Before last season, Mike McCray had recorded just two tackles in his college career and had never started a game for the Michigan football team.

McCray, a former four-star recruit out of high school, had always shown promise — a blocked punt in a victory over Appalachian State in 2014 had displayed as much. But McCray couldn’t stay on the field — health problems, including a shoulder injury that sidelined him for the entire 2015 season, derailed his first three years in a Wolverine uniform.
With the graduation of three senior linebackers — Joe Bolden, Desmond Morgan and James Ross — a healthy McCray finally got his chance last year and ran with it. He made an immediate impact in his first start, a season-opening victory over Hawaii where he made nine tackles, 3.5 for loss and two sacks, to kick-start an All-Big Ten Honorable Mention campaign in which he totalled 76 stops, including 12.5 for a loss as well as 4.5 sacks and two interceptions.
One year later, the fifth-year senior linebacker is the only returning starter from the previous season’s dominant defense. But that’s not the only thing different about McCray, according to linebackers coach Chris Partridge.
“There’s an aura about him that’s different than it was last year and that’s important because guys will look up to him,” Partridge said. “He’s a hard worker and he’s tough, he’s a Big Ten linebacker. Now with that aura about him and that sense of leadership he’s stepped his game up.”
To Partridge, McCray has carried himself in a different manner so far in fall camp — a manner that is essential. The omnipresent theme for Michigan — young and talented, but inexperienced — applies to its linebacking corps as much as anywhere, and McCray has asserted himself as a necessary veteran voice for that group.
“Last year he was kind of feeling it out early, started gaining confidence and became a tremendous football player for us,” Partridge said. “This year he’s coming in having that background and he’s able to impose himself on the other guys and on the young guys.”
The impact of McCray’s new role as an elder statesmen was visible even in the spring. Sophomore Devin Bush Jr. was immediately slotted in as McCray’s backup at the WILL linebacker position last season, and made a big impact in the Wolverines’ spring game, tallying two sacks.
So far during camp, Bush has mostly played at the MIKE position vacated by Ben Gedeon from last season, and after a year learning the ropes from veterans such as McCray, he appears primed for a breakout in the middle of Michigan’s defense with his increased maturity and physical development.
“Athletically, he’s a guy who works just as hard off the field as on the field, really enjoys the game and all aspects of it,” Partridge said. “His ceiling’s high and he keeps getting better and better. Obviously a very savvy football player from his background from his father playing and everything like that, so we’re excited about what he’s going to be able to do.”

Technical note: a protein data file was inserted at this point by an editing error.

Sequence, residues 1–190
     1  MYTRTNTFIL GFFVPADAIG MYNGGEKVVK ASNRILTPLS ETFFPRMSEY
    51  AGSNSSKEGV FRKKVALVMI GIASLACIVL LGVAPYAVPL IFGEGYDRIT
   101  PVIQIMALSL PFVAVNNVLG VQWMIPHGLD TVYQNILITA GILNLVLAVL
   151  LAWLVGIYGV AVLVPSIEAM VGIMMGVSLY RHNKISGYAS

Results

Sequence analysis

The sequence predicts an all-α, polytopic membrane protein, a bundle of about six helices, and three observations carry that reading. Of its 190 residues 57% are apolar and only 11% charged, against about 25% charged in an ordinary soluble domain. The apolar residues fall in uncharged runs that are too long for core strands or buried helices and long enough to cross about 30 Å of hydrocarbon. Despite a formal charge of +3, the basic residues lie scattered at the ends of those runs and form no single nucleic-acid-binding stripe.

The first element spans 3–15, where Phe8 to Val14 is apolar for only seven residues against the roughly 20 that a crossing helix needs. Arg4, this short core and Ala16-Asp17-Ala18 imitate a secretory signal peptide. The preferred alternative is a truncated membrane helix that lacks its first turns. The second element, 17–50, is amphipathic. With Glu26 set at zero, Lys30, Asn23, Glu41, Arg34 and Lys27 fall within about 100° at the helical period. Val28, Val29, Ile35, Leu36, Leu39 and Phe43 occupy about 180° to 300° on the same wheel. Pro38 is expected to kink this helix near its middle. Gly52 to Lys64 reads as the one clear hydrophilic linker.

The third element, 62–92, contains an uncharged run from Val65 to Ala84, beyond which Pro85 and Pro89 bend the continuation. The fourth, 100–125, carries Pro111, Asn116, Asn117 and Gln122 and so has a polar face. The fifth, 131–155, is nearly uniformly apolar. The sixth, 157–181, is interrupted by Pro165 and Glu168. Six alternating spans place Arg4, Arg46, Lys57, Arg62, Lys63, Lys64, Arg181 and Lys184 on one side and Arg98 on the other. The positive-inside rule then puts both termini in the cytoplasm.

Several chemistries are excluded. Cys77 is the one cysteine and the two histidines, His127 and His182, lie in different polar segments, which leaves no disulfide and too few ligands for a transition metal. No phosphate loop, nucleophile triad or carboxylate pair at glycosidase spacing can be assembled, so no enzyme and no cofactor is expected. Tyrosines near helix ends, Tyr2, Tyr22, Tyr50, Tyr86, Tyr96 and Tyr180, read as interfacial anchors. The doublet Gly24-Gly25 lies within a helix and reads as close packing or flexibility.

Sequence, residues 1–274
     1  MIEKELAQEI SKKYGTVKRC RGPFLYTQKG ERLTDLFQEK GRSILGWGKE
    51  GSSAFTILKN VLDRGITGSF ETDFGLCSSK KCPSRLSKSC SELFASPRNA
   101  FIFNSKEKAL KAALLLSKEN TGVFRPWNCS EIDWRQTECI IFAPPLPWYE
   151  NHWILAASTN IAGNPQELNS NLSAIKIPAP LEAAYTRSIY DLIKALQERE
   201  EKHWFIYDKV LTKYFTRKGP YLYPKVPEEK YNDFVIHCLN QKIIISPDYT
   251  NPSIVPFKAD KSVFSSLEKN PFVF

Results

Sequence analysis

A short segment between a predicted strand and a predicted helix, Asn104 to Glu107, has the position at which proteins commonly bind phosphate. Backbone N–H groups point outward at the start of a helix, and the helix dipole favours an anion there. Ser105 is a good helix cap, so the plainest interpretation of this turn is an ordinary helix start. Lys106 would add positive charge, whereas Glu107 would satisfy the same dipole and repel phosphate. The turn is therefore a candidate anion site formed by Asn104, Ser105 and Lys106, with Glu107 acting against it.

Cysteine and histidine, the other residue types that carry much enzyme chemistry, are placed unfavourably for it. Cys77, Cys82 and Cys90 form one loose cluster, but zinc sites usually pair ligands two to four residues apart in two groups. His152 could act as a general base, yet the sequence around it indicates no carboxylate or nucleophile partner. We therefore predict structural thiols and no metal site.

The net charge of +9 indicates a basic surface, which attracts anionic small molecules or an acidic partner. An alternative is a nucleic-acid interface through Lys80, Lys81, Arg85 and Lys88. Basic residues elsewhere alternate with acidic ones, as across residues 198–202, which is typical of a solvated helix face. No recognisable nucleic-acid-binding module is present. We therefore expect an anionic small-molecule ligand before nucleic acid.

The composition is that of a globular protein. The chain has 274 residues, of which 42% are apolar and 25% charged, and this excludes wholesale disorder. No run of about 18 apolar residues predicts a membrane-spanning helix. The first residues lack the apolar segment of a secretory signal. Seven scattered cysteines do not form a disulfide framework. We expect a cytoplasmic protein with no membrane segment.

Perhaps the biggest hole in the Wolverines’ linebacker unit, however, comes at the VIPER position once home to the do-everything Jabrill Peppers. While the competition to win the starting job is far from over, sophomore Khaleke Hudson appeared to have the upper hand after an impressive spring.
“(He’s a) guy that just loves contact,” Partridge said. “People feed off of that too. He’s becoming very well-rounded as a player, so he’s going to be enjoyable to watch.”
Hudson might be the most natural replacement for Peppers on Michigan’s roster — in fact, both were recruited as defensive backs before switching to the hybrid linebacker-safety position. Described as a “hammerhead” by Partridge, Hudson’s athleticism and explosiveness should provide a key dimension for the Wolverines and emulate to some extent what Peppers was able to bring last season, as he works to become a more skilled player instead of relying solely on aggression.
“You’re never going to tell Coach Brown that you don’t want someone to run full speed into things,” Partridge said. “That’s a small part of it, but he’s gonna round out his game just like anyone always would. Coach Brown will never say take away that physicality, but you learn how to play with that physicality.”
With the leadership of upperclassmen such as McCray and senior Michael Wroblewski, as well as the talent of younger players like Bush, Hudson and freshmen Drew Singleton and Jordan Anthony, Michigan’s linebacking corps has been touted by some as its best defensive unit. But Partridge stated that the pressure on the group to live up to those expectations will be key for them to fulfill that promise.
“There’s pressure at all moments and that’s something you have to learn how to deal with. You gotta just put your head down and keep working,” Partridge said. “I tell these guys all the time, ‘You want to be tough, do tough things.’ Pressure is a part of being tough and camp is a part of being tough and fighting through things and working together. We’ll take on all comers, anything that will make us tougher and make us a better unit is something we embrace.”

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